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The new standard for C++ language has been signed in 2011. This new (extended) language, called C++11, has a number of new semantics (in terms of language constructs) and a number of new standard ...

The new standard for C++ language has been signed in 2011. This new (extended) language, called C++11, has a number of new semantics (in terms of language constructs) and a number of new standard library support. The major language extensions are discussed in this presentation. The library will be taken up in a later presentation.

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    C++11 C++11 Presentation Transcript

    • Welcome to New C++ Standard C++11 Dr. Partha Pratim Das 09/10-Dec-13 Overview of C++11 1
    • History of C++  1998: ISO C++ Standard officially adopted (“C++98”). 776 pages.  2003: TC1 (“Technical Corrigendum 1”) published (“C++03”). Bug fixes for C++98.  2005: TR1 (Library “Technical Report 1”) published. 14 likely new components for the standard library.  2009: Selected “C++0x” features became commonly available.  2011: C++0x ratified ⇒ “C++11”. 1353 pages.  2013: Full C++14 draft adopted. 1374 pages.  2014: Revised C++ Standard (minor).  2017?: Revised C++ Standard (major). 09/10-Dec-13 Overview of C++11 2
    • Source:  Codes presented here have been shamelessly lifted from: C++11 FAQ by Bjarne Stroustrup: http://www.stroustrup.com/C++11FAQ.html  However, the presenter has taken the liberty to inject bugs at several places while creating his own examples.  A list of other sources (sparingly used) are given at the end. 09/10-Dec-13 Overview of C++11 3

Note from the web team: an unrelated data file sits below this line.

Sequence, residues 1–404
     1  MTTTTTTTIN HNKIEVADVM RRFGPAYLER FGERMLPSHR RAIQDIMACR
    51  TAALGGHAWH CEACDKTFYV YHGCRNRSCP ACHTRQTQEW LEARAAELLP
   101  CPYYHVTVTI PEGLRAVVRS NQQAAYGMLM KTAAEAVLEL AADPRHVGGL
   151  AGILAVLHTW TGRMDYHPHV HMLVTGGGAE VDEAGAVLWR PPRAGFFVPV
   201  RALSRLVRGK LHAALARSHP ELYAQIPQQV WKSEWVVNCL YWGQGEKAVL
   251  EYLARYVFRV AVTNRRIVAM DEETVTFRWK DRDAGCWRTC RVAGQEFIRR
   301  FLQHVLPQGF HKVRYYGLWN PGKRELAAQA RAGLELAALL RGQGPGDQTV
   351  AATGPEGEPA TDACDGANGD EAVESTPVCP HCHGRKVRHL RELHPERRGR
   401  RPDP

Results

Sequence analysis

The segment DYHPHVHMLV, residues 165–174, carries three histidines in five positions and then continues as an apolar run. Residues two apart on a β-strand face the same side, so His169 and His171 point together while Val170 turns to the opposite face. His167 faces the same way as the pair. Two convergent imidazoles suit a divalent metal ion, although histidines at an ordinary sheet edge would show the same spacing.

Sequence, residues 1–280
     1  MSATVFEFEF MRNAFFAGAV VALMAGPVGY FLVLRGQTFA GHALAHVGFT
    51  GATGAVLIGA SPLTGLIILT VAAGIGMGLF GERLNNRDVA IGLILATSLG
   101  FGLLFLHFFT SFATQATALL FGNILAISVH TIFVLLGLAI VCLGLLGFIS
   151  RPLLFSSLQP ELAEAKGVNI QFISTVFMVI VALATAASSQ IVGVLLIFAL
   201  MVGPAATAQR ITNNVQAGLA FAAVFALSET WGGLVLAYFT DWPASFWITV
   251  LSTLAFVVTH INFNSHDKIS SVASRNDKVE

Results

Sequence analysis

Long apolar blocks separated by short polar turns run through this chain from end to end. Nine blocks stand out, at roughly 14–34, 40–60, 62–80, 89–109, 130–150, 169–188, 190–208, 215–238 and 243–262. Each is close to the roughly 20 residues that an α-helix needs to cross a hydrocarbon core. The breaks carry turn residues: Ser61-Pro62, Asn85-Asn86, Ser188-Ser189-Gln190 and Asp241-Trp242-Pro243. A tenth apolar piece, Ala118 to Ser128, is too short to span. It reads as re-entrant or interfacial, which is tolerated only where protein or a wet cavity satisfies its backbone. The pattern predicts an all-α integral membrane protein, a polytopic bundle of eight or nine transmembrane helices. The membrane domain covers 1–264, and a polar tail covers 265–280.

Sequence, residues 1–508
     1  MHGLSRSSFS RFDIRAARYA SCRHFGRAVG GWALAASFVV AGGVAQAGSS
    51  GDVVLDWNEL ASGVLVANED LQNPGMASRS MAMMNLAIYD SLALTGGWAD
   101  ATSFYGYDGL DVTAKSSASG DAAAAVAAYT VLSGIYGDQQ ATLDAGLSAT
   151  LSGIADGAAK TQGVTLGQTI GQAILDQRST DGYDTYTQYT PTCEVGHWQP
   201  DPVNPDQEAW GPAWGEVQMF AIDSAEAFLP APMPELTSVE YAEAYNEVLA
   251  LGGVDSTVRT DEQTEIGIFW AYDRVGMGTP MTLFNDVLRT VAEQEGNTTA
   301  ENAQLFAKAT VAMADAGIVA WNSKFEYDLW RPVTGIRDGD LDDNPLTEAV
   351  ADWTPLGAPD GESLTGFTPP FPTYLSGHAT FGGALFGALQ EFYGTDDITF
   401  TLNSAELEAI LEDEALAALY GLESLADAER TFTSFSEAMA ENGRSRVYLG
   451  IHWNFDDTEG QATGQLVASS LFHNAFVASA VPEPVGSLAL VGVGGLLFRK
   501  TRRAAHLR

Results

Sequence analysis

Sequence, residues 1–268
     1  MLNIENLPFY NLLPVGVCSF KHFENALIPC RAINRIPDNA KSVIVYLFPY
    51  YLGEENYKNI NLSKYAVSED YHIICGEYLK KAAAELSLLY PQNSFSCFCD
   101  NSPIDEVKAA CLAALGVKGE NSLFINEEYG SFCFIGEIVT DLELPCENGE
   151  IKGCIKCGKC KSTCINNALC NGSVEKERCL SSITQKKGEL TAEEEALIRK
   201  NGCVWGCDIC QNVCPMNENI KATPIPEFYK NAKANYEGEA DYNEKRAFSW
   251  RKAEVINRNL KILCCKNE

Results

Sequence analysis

• Features (Day 1)         Standard Types & long long nullptr -- a null pointer literal enum class -- scoped and strongly typed enums constexpr -- generalized and guaranteed constant expressions Static (compile-time) assertions -- static_assert auto -- deduction of a type from an initializer decltype -- the type of an expression Suffix return type syntax 09/10-Dec-13           Initializer lists Range-for statement Uniform initialization syntax and semantics Preventing narrowing Delegating constructors In-class member initializers Inherited constructors Rvalue references control of defaults: default and delete control of defaults: move and copy Overview of C++11 4
    • Features (Day 2)            Override controls: override Override controls: final “>>” as Nested Template Closer template alias (formerly known as "template typedef") Variadic Templates Raw string literals Lambdas noexcept -- preventing exception propagation Explicit conversion operators User-defined literals unions (generalized) 09/10-Dec-13 Overview of C++11 5
    • Features (Not covered)             PODs (generalized) Attributes Local types as template arguments alignment C99 features Extended integer types Dynamic Initialization and Destruction with Concurrency thread-local storage (thread_local) Unicode characters Copying and rethrowing exceptions Extern templates Inline namespace 09/10-Dec-13  And many more … Overview of C++11 6
    • Standard Integer Types C++03 C++11  sizeof(int) == ?          sizeof(char) ==  1 byte (? bits)     sizeof(char) <= sizeof(short) <= sizeof(int) <= sizeof(long) 09/10-Dec-13 int8_t uint8_t int16_t uint16_t int32_t uint32_t int64_t uint64_t Overview of C++11 7
    • Standard Integer Types C++03 C++11  Fast Types  Fast Types     int_fast8_t int_fast16_t int_fast32_t int_fast64_t  Least Types     int_least8_t int_least16_t int_least32_t int_least64_t  intmax_t  intptr_t 09/10-Dec-13     uint_fast8_t uint_fast16_t uint_fast32_t uint_fast64_t  Least Types     uint_least8_t uint_least16_t uint_least32_t uint_least64_t  uintmax_t  uintptr_t Overview of C++11 8